Melanocortins and the melanocortin-4 receptor (MC4-R) are enriched in the nucleus accumbens, a brain region that has been implicated in the rewarding action of cocaine and other drugs of abuse. In the present study we use a number of rat behavioral models to show that infusion of a melanocortin peptide antagonist into the nucleus accumbens blocks the reinforcing, incentive motivational, and locomotor sensitizing effects of cocaine. We also show that locomotor responses to repeated cocaine exposure are completely blocked in MC4-R null mutant mice and reduced in Agouti mice that overexpress an endogenous inhibitor of melanocortins in the brain. The results also demonstrate that cocaine administration increases the expression of MC4-R in the nucleus accumbens and striatum, and that MC4-R is co-localized with prodynorphin in medium spiny neurons in the nucleus accumbens. Together, these findings indicate that the behavioral actions of cocaine are dependent on activation of MC4-R, and suggest that upregulation of this receptor by drug exposure may contribute to sensitization of these behavioral responses. Modulation of cocaine reward is a novel action of the melanocortin-MC4-R system and could be targeted for the development of new medications for cocaine addiction. (+info)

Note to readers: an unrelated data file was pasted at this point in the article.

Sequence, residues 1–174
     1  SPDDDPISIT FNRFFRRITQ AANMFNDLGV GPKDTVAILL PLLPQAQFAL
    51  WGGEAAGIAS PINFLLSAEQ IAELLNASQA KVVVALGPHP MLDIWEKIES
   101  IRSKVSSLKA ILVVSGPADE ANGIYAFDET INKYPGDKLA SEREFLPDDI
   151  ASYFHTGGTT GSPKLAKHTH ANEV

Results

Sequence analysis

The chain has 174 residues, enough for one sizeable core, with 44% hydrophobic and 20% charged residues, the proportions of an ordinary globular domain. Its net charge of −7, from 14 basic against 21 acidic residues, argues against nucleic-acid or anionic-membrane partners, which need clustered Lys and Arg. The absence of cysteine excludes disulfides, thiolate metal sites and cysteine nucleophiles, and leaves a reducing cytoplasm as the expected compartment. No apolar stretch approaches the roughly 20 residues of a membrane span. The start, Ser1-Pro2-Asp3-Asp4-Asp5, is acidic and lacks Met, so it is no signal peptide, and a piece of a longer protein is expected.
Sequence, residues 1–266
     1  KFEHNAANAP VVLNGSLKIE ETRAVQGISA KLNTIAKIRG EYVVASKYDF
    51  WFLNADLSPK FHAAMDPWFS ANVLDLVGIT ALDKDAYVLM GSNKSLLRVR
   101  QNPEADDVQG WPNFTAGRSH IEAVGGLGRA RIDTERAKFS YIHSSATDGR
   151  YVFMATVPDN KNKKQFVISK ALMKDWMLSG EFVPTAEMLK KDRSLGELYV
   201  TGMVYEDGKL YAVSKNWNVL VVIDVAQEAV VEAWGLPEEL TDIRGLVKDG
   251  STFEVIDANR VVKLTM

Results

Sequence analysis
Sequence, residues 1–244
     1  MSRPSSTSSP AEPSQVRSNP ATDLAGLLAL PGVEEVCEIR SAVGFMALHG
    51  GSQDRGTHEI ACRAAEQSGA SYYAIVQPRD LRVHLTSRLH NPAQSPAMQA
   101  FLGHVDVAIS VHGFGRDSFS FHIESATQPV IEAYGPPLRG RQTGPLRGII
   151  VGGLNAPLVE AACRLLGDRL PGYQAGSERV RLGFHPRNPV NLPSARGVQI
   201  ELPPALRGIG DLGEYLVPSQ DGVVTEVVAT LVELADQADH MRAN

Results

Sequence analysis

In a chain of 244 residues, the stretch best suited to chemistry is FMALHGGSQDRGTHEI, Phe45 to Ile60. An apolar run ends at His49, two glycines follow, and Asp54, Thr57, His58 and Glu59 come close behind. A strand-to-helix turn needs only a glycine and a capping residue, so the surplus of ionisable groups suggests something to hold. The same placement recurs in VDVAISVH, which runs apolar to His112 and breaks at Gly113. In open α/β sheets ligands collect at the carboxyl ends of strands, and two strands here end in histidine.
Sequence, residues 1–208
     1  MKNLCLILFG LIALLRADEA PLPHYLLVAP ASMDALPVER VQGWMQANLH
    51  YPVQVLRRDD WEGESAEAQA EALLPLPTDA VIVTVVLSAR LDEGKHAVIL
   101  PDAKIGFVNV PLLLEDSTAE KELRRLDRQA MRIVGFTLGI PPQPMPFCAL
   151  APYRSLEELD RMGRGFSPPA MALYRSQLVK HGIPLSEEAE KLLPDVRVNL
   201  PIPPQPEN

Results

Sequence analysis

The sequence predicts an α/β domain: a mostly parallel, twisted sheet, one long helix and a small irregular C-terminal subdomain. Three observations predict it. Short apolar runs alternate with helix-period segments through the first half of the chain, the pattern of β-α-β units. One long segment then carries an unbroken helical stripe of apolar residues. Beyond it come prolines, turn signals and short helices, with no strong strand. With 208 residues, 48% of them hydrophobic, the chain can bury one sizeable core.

(37/158) MC1R, ASIP, and DNA repair in sporadic and familial melanoma in a Mediterranean population.